Brad Pitt and Angelina Jolie announced
Friday that they're engaged, despite the couple's vow not to marry
until gay couples can legally join them.
Pitt first made the declaration in a
“Angie and I will consider tying the
knot when everyone else in the country who wants to be married is
legally able,” the 48-year-old actor said.
The couple has since reiterated the
pledge and given generously to the cause of marriage equality.
In December, Pitt told Ellen DeGeneres:
“I've said that we would not be getting married until everyone in
this country had the right to get married.”
Pitt tells Terry Gross he doesn't get gay marriage bans.)
In recent interviews, however, the
couple has said that their six children have been pressuring them to
Response has been mixed.
Equality California (EQCA), the state's
largest gay rights advocate, supported the couple's decision.
“Marriage is something that says
'we're a family' in a way that nothing else can,” Rebekah Orr,
communications director for EQCA, told TMZ.com.
“No one has to deny that for themselves or their family to prove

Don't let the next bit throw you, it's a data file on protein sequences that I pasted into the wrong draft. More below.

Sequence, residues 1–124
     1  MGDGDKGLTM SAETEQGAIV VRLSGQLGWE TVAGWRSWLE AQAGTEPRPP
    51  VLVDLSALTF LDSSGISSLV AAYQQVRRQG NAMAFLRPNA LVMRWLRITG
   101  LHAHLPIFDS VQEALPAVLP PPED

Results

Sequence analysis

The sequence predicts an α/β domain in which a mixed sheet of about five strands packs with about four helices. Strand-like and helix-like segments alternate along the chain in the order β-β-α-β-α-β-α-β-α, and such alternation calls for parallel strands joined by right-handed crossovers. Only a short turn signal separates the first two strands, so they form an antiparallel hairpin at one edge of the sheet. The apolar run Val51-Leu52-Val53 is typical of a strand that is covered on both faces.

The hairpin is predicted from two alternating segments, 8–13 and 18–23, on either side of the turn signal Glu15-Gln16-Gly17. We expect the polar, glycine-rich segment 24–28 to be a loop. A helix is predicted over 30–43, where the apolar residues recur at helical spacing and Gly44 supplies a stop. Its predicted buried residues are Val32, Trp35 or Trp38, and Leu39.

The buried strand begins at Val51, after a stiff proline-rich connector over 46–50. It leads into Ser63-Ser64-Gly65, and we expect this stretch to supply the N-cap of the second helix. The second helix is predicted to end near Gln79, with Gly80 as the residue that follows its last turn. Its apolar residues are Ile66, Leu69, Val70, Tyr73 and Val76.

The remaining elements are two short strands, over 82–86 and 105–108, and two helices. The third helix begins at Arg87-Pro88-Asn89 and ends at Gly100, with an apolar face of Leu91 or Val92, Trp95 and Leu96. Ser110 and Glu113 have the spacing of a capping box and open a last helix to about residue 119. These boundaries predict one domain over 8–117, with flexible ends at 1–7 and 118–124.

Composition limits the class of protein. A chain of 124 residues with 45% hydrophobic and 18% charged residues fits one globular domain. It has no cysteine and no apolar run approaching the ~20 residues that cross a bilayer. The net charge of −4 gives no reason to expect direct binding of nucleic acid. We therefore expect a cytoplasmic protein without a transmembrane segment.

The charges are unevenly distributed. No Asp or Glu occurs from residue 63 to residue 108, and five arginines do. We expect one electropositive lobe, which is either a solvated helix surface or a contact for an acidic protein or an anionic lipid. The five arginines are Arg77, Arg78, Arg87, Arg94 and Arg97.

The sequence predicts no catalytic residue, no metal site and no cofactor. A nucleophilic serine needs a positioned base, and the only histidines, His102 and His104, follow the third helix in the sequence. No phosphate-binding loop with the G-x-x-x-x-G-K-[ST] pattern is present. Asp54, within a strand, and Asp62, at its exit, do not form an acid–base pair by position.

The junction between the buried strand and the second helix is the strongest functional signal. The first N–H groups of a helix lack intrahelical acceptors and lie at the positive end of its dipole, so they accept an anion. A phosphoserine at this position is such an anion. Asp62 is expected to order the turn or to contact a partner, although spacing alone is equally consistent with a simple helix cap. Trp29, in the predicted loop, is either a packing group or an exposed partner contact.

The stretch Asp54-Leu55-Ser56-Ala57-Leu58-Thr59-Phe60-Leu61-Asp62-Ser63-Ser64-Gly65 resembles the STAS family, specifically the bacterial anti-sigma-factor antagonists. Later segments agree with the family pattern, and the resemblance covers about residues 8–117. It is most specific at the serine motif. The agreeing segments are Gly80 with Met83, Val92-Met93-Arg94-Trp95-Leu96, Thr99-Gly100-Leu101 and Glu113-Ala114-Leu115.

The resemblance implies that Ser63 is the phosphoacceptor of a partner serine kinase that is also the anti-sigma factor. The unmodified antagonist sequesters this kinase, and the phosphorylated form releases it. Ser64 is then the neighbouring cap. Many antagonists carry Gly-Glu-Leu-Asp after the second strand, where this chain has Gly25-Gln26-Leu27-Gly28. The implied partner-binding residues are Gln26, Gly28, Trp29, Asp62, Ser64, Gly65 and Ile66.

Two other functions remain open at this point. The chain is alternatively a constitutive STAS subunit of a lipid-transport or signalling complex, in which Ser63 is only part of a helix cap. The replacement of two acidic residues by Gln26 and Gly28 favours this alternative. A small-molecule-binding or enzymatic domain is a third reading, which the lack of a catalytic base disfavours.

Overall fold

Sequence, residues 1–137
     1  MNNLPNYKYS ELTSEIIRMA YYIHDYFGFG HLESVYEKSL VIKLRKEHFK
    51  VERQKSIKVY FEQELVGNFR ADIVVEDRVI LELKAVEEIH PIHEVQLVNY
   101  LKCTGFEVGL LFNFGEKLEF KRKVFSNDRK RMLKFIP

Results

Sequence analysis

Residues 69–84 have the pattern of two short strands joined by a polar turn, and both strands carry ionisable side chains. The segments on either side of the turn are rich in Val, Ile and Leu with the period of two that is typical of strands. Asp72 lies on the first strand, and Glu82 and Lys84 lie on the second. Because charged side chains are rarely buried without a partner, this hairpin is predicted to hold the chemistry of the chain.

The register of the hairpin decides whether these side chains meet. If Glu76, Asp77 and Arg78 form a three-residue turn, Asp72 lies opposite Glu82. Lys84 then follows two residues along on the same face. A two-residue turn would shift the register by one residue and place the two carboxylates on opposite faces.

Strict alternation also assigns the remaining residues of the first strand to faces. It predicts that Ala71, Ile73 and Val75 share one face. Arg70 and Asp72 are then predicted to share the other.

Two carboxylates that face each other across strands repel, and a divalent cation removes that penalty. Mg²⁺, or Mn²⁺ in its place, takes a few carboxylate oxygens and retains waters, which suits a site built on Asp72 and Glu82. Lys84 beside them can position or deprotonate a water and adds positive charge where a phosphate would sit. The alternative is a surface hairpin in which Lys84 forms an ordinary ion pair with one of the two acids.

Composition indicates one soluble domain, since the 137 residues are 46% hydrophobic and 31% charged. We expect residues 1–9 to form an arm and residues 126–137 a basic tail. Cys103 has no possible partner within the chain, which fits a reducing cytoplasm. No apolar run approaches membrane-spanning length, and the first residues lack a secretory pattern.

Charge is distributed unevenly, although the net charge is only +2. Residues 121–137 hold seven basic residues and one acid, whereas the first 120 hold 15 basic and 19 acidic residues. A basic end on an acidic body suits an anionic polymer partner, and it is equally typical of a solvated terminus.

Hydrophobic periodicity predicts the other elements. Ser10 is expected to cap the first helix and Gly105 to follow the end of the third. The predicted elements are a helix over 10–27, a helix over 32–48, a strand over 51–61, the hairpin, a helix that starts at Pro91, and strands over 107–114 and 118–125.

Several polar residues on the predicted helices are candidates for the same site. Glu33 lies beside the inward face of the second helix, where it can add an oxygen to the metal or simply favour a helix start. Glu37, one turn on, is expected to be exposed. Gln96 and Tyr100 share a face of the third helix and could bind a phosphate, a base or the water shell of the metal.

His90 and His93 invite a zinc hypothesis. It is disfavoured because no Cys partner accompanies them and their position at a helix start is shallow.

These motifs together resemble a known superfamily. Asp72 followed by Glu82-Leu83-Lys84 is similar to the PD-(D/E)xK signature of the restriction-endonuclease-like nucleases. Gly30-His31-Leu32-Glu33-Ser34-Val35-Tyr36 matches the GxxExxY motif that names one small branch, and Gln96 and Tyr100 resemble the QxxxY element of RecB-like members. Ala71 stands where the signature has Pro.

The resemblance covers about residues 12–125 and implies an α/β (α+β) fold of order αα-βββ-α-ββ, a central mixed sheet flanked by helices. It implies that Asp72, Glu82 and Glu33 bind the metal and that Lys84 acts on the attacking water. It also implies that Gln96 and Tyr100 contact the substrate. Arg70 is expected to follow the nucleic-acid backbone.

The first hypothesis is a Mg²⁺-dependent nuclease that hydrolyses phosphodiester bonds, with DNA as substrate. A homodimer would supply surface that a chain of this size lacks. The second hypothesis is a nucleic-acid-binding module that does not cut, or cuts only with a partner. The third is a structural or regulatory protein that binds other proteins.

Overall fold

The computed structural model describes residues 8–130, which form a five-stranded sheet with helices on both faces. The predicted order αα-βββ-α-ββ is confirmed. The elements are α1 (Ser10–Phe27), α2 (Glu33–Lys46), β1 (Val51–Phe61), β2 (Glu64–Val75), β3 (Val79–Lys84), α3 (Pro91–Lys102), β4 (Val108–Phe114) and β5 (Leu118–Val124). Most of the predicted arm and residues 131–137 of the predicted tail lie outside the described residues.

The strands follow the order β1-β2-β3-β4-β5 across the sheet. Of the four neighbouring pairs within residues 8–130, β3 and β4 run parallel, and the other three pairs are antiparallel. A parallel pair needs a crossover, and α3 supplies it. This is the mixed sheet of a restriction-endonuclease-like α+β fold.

they are an ally and supporter of equality.”
congratulated the couple on their engagement: “We congratulate them
on their engagement and thank them for continuing to speak out about
the inequality that so many gay and lesbian couples face today. No
loving and committed couple should be denied the happiness, joy, and
legal protections that come with marriage.”
But Brian Moylan, a staff reported with
called the reversal a disappointment.
“I'm sorry, Brangelina, but real
fighters for civil rights don't buckle under pressure when it gets
hard,” Moylan said, then added: “If they're going to break their
pledge and get married, the least they can do is hit their friends up
for donations for marriage equality at the ceremony.”
“Leading by example is what gay and
lesbian Americans really need, but since they're failed at that,
we'll at least take their money.”